[rabbitmq-discuss] Silent crash causes persistent durable message loss
tim at rabbitmq.com
Tue May 22 08:26:54 BST 2012
On 22/05/2012 01:46, Will Koffel wrote:
> Thanks for the feedback guys, sorry for the slow reply back.
> I took a look on the machine. It's running on an Amazon Linux instance
> on EC2 (based on CentOS loosely). I don't see anything at all related to
> oom-killer in logs. Nor anything about rabbit. I looked in dmesg, and
> everything in /var/log.
> Amazon doesn't do memory monitoring with AWS CloudWatch (major downside,
> blech), so I can't see if there was any memory contention, but we've
> never seen any issues on those machines. There's no CPU or disk spikes
> during that time to indicate anything else traumatic happening on the
> machine in question.
> One long-shot idea at the application layer: The daemons we run to
> consume those queues call "declare" on the relevant exchanges and queues
> on startup. This has always been a convenient way to ensure the queues
> are alive before we start writing/reading them. In the case where
> RabbitMQ crashes on us, the daemons start the cycle (they die, their
> parent process restarts them, they die again, etc.).
> Is there any case in which WHILE rabbit was starting up, it might accept
> a connection, which would instruct it to create the "expiring-queue",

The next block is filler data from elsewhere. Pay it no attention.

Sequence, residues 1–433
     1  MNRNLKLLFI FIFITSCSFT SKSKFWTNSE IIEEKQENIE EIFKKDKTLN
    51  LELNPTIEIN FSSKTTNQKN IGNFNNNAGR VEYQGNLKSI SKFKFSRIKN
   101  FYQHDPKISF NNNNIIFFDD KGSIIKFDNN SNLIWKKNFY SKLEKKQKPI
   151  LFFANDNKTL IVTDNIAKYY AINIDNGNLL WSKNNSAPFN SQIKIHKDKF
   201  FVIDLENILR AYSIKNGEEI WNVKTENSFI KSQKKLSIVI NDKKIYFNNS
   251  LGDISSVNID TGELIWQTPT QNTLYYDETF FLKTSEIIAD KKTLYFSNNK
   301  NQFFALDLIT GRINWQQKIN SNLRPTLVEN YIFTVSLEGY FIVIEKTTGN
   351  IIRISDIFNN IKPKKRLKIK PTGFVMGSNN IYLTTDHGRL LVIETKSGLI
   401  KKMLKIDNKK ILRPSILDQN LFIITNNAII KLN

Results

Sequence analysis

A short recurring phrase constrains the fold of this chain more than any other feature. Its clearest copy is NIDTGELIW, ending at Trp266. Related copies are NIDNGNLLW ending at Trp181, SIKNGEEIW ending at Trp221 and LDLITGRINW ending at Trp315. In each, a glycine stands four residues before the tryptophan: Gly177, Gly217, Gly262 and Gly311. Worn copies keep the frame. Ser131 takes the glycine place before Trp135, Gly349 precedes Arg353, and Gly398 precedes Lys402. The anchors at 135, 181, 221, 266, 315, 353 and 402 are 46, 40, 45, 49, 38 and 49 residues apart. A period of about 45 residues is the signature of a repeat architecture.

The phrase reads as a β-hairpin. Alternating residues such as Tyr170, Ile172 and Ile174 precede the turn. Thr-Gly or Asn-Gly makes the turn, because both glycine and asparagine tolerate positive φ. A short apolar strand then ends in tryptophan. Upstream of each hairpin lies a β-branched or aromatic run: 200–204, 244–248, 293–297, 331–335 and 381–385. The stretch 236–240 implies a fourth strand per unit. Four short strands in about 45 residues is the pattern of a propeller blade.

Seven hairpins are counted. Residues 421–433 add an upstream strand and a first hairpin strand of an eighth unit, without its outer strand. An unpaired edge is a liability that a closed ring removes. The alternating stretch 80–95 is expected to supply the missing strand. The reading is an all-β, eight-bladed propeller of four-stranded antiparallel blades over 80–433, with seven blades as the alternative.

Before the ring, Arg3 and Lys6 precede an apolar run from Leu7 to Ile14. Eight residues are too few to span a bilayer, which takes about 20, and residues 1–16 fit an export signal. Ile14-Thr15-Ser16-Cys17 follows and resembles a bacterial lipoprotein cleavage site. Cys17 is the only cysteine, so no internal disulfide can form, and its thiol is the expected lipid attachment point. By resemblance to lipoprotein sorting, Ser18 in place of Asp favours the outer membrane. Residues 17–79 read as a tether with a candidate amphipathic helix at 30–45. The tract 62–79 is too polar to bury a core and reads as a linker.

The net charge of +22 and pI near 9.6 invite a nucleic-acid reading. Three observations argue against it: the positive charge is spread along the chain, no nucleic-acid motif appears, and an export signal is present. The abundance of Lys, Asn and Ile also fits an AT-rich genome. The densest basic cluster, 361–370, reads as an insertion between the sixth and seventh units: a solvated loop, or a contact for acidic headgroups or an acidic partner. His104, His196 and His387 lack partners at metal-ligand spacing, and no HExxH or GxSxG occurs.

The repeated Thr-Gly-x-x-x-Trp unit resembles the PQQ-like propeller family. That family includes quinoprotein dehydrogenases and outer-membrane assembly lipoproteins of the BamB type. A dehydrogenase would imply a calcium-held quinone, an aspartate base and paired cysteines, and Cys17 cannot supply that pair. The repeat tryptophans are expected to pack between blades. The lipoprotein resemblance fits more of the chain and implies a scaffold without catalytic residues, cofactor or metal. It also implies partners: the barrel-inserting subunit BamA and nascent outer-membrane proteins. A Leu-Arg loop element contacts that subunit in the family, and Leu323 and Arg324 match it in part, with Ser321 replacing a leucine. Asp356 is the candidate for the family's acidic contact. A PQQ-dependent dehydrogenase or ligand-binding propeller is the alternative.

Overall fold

> and then when it went to restore the persistent messages from disk, it
> would give up since the queue already existed? Any sort of race
> condition that could bite us if there are clients thrashing away during
> start? Or will RabbitMQ fail to accept any connections until it's
> cleanly started up?
Hi Will. Rabbit's networking sub-system only comes online after
everything else is ready, plus the boot sequence is entirely sequential,
so I'd be very surprised if this was a race on startup. Having said
that, I'll verify that none of the boot steps run out of band and
confirm this morning.
> On May 21, 2012, at 5:02 PM, Matthias Radestock wrote:
>> On 21/05/12 21:50, Francesco Mazzoli wrote:
>>> I have trouble believing that it is actually dying silently with no
>>> information in the logs.
>> iirc we've seen this in the past with things like 'oom killer'. It is
>> probably worth checking the system logs.
>>> In the meantime I'm going to do the obvious and suggest to upgrade to
>>> 2.8.2. We fixed several ugly bugs related to DLX (one of which was
>>> particularly easy to get) and they might be related to your problem.
>> I don't think any of the DLX bugs pre 2.8.2 would have brought down an
>> entire rabbit, just individual queues.
> Will Koffel
> CTO, Thumb™
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